LGBTQ+ workshops to delve into queer history, butch/femme identities

Katarina Rothhorn, Features Editor

This Saturday, Feb. 12, Queers and Allies will be hosting their 25th annual drag show at Vandament Arena. In this week leading up to this event, they are bringing in guest speakers to present on topics such as butch and femme identities and survey research on LGBTQ+ issues. 

Stefanie Vargas, the program coordinator at the Student Equity and Engagement Center and former president of Queers and Allies, will be giving her presentation “High Heels & Hardhats: Butch/Femme History & Community,” on Wednesday, Feb. 9 from 7 to 8:30 p.m. in Jamrich 1318. 

Her lecture will talk about the history behind the terms butch and femme and how they have developed into a variety of queer identities today. 

“Butch and femme identities are used historically in the LGBT community to mean more than masculine and feminine, but to talk about gender expression in a uniquely queer, gay, LGBT kind of way,” Vargas said. “We oftentimes talk about butch and femme in terms of lesbians, but actually, we’re going to talk about the historical terms and how they apply to all sorts of LGBT communities, where the words came from, how they’ve developed and how we use them now as communities.”

Learning about the history and meaning behind these terms is especially important for those in the queer community who may not have reliable ways to learn this information and feel validated in their identities.

“Most LGBTQ folks don’t get a lot of access to their history,” Vargas said. “We really don’t often hear about where we came from, unless you are digging into oral history or finding the most random online blogs you can find, and without history, we can’t evolve or develop as a community.”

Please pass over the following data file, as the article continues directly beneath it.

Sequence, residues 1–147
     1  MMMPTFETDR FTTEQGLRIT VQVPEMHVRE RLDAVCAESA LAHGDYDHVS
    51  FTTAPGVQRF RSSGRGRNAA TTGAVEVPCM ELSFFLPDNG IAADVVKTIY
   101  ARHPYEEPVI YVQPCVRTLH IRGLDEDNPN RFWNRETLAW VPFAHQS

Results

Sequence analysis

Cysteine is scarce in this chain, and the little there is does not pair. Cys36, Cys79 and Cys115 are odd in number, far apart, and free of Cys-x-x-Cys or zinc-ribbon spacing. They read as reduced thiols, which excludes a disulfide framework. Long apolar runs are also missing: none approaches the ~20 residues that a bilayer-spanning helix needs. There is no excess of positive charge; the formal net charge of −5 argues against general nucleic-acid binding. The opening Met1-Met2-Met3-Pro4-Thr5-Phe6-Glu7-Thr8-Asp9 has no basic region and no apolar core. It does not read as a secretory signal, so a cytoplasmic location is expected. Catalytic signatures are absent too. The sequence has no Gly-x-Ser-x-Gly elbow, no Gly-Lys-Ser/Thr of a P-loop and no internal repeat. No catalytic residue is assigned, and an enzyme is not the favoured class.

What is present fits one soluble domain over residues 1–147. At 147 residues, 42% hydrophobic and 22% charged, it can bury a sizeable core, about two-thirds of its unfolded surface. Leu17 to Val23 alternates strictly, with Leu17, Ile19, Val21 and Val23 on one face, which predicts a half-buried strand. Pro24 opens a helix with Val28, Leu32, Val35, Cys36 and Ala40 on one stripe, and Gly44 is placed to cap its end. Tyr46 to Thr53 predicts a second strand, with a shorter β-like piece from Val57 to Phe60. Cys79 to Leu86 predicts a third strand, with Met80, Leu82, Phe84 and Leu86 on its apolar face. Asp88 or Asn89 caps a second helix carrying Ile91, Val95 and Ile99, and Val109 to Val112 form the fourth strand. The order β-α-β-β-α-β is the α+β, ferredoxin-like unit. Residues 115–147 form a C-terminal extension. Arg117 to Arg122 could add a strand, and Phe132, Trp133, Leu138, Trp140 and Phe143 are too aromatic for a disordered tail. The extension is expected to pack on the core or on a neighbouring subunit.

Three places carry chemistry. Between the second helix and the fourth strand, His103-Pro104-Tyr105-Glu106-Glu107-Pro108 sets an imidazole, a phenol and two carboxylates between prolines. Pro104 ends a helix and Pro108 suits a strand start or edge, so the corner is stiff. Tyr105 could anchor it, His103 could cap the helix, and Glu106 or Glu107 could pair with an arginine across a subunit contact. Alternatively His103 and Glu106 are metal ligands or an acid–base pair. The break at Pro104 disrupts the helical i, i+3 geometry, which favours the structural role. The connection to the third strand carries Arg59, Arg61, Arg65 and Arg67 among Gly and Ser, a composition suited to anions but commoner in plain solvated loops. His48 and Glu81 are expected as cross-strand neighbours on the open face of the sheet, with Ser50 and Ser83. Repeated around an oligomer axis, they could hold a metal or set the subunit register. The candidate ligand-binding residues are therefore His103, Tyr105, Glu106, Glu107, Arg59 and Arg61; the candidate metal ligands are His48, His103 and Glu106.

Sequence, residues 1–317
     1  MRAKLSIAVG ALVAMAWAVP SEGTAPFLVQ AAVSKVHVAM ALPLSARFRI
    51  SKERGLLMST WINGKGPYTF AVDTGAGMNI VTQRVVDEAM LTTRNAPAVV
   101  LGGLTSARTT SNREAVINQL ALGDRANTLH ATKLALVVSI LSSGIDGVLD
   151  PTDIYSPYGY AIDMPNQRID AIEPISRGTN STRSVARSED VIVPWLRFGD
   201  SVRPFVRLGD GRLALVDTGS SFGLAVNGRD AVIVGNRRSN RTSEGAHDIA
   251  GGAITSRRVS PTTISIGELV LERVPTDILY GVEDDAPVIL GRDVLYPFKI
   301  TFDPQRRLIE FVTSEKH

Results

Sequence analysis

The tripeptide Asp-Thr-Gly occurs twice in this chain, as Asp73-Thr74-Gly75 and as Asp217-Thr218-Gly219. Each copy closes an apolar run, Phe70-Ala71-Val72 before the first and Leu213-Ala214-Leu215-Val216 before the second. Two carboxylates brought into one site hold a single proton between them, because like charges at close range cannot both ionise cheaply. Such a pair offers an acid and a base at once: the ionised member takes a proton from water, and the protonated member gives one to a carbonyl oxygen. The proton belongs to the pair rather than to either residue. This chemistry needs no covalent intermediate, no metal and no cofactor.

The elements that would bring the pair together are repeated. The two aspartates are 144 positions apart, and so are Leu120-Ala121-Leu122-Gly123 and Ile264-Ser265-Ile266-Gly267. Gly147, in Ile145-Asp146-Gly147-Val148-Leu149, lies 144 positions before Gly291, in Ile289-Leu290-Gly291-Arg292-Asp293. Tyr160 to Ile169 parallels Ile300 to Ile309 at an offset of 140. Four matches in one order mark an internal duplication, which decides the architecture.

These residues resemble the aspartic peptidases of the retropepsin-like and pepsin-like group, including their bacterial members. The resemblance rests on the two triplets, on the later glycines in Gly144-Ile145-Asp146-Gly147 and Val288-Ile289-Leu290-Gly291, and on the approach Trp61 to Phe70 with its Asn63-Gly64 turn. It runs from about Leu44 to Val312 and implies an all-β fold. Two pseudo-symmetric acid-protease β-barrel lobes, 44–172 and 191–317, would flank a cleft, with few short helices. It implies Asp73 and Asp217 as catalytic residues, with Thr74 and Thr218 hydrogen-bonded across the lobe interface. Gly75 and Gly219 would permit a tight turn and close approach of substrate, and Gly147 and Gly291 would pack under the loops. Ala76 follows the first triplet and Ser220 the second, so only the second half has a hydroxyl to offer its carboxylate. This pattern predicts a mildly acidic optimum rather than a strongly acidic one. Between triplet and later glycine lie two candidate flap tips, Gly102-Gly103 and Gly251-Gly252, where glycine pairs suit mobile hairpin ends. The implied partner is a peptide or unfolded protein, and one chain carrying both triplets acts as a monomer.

Northern alum Kedzie Stark will be presenting “How We Know What We Know: Survey Research on LGBT Issues” on Thursday, Feb. 10 from 5 to 6:30 p.m. via Zoom or in Jamrich 1320. 

Their presentation will also touch on the history of the queer community but will also look into the future of queer research and how to develop survey questions that account for the scope of gender and sexuality. 

“Knowing how to ask the right questions in a survey will get you more useful results, whether you’re doing serious academic research or just taking an opinion poll,” Stark said. “I also think understanding surveys makes you better at interpreting and critiquing other people’s research.”

Stark hopes students will be able to think critically about the surveys they participate in in the future, especially on questions relating to gender.

Both workshops will include ample time for questions following the presentation and encourage input and conversation from attendees. 

“I think, as queer people, we get really excited when we hear about ourselves, because that’s not a frequent opportunity,” Vargas said. “So I hope students get to feel really validated in their identities, and get to walk away with a little more knowledge and understanding of where we came from as a community.”